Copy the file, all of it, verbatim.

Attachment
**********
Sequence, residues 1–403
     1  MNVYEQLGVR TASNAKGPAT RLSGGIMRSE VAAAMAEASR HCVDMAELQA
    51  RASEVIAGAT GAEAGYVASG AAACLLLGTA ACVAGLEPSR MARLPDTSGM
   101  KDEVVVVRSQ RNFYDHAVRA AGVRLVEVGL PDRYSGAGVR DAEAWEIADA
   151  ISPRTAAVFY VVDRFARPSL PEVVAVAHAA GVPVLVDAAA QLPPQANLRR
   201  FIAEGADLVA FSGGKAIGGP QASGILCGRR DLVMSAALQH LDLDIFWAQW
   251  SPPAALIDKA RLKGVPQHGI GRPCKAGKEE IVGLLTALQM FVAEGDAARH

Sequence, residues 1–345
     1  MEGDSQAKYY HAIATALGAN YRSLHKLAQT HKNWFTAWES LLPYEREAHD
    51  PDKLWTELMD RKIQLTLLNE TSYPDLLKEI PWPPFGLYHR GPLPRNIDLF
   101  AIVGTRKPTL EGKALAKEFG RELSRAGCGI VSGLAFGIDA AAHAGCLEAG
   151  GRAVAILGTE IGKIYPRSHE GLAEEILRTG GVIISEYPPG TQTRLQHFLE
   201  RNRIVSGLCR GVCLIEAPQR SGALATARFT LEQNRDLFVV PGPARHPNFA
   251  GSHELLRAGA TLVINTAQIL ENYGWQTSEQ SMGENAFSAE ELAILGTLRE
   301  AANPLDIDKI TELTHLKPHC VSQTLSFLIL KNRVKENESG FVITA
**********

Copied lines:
Sequence, residues 1–403
     1  MNVYEQLGVR TASNAKGPAT RLSGGIMRSE VAAAMAEASR HCVDMAELQA
    51  RASEVIAGAT GAEAGYVASG AAACLLLGTA ACVAGLEPSR MARLPDTSGM
   101  KDEVVVVRSQ RNFYDHAVRA AGVRLVEVGL PDRYSGAGVR DAEAWEIADA
   151  ISPRTAAVFY VVDRFARPSL PEVVAVAHAA GVPVLVDAAA QLPPQANLRR
   201  FIAEGADLVA FSGGKAIGGP QASGILCGRR DLVMSAALQH LDLDIFWAQW
   251  SPPAALIDKA RLKGVPQHGI GRPCKAGKEE IVGLLTALQM FVAEGDAARH

Sequence, residues 1–345
     1  MEGDSQAKYY HAIATALGAN YRSLHKLAQT HKNWFTAWES LLPYEREAHD
    51  PDKLWTELMD RKIQLTLLNE TSYPDLLKEI PWPPFGLYHR GPLPRNIDLF
   101  AIVGTRKPTL EGKALAKEFG RELSRAGCGI VSGLAFGIDA AAHAGCLEAG
   151  GRAVAILGTE IGKIYPRSHE GLAEEILRTG GVIISEYPPG TQTRLQHFLE
   201  RNRIVSGLCR GVCLIEAPQR SGALATARFT LEQNRDLFVV PGPARHPNFA
   251  GSHELLRAGA TLVINTAQIL ENYGWQTSEQ SMGENAFSAE ELAILGTLRE
   301  AANPLDIDKI TELTHLKPHC VSQTLSFLIL KNRVKENESG FVITA